Stingaree, by E. W. Hornung

A Duel in the Desert

It was eight o’clock and Monday morning when the romantic rascals were led away in unromantic bonds. Their arms were bound to their bodies, their feet lashed to the stirrup-irons; they sat like packs upon quiet station horses, carefully chosen for the nonce; they were tethered to a mounted policeman apiece, each with leading-rein buckled to his left wrist and Government revolver in his right hand. Behind the quartette rode the officer in command, superbly mounted, watching ever all four with a third revolver ready cocked. It seemed a small and yet an ample escort for the two bound men.

But Stingaree was by no means in that state of Napoleonic despair which his bent back and lowering countenance were intended to convey. He had not uttered a word since the arrival of the police, whom he had suffered to lift him on horseback, as he now sat, without raising his morose eyes once. Howie, on the other hand, had offered a good deal of futile opposition, cursing his captors as the fit moved him, and once struggling so insanely in his bonds as to earn a tap from the wrong end of a revolver and a bloody face for his pains. Stingaree glowered in deep delight. His mate’s part was as well acted as his own; but it was he who had conceived them both, and expounded them in countless camps against some such extremity as this. The result was in ideal accordance with his calculations. The man who gave the trouble was the man to watch. And Stingaree, chin on chest, was left in peace to evolve a way of escape.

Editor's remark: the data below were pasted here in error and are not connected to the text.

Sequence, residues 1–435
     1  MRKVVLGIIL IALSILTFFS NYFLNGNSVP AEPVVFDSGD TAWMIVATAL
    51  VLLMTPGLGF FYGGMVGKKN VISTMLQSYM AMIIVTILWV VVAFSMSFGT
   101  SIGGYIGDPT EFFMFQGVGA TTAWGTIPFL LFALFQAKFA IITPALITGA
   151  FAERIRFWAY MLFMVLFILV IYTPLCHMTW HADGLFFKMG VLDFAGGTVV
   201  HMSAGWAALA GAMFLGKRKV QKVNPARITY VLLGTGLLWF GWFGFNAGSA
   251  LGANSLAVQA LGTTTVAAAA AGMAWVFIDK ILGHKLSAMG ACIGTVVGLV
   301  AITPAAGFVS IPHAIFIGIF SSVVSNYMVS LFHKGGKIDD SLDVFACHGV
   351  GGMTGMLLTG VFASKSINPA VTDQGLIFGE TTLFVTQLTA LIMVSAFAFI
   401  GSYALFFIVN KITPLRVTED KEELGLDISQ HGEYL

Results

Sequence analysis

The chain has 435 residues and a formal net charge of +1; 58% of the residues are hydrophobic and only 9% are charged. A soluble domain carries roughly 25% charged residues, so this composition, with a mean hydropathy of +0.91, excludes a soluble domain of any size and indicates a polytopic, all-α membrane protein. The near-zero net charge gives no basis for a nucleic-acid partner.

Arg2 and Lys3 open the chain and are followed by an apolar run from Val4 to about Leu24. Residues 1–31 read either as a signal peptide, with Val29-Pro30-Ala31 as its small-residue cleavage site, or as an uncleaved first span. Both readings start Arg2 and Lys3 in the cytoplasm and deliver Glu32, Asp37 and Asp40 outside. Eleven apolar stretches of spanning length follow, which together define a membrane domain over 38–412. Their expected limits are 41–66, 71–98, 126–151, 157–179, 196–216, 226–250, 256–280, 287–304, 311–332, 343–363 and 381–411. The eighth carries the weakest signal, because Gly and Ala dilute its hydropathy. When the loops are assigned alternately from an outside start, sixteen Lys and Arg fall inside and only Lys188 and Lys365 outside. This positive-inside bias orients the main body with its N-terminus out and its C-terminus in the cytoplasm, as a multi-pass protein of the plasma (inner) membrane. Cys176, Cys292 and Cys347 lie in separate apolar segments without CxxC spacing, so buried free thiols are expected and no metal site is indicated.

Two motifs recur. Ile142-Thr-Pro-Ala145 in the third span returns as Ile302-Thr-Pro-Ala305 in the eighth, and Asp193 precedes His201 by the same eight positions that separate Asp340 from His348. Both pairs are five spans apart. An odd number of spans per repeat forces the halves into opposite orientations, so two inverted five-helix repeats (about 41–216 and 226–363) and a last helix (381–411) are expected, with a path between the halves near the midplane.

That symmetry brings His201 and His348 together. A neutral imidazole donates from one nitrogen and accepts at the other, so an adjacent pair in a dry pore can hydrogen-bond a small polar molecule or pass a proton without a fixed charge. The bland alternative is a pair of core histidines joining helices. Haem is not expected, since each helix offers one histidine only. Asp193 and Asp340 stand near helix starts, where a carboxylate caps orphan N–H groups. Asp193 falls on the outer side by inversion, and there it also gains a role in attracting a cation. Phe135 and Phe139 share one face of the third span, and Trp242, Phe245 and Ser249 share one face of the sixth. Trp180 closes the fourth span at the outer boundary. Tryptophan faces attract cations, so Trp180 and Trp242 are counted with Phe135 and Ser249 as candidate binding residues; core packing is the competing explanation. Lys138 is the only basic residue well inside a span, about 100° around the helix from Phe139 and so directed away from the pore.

The chances were all adverse; he had never been less sanguine in his life. Not that Stingaree had much opinion of the police; he had slipped through their hands too often; but it was an unfortunate circumstance that two of the present trio were among those whom he had eluded most recently, and who therefore would be least likely to give him another chance. A lightning student of his kind, he based his only hope upon an accurate estimate of these men, and applied his whole mind to the triple task. But it was a single task almost from the first; for the policeman in charge of him was none other than his credulous old friend, Sergeant Cameron from Clear Corner; and Howie’s custodian, a young trooper run from the same mould as Constable Tyler and many a hundred more, in whom a thick skull cancelled a stout heart. Both were brave men; neither was really to be feared. But the man behind upon the thoroughbred, the man in front, the man now on this side and now on that, with his braying laugh and his vindictive voice — triumphant as though he had taken the bushrangers himself, and a blatant bully in his triumph — was none other than the formidable Superintendent whose undying animosity the bushrangers had earned by the two escapades associated with his name.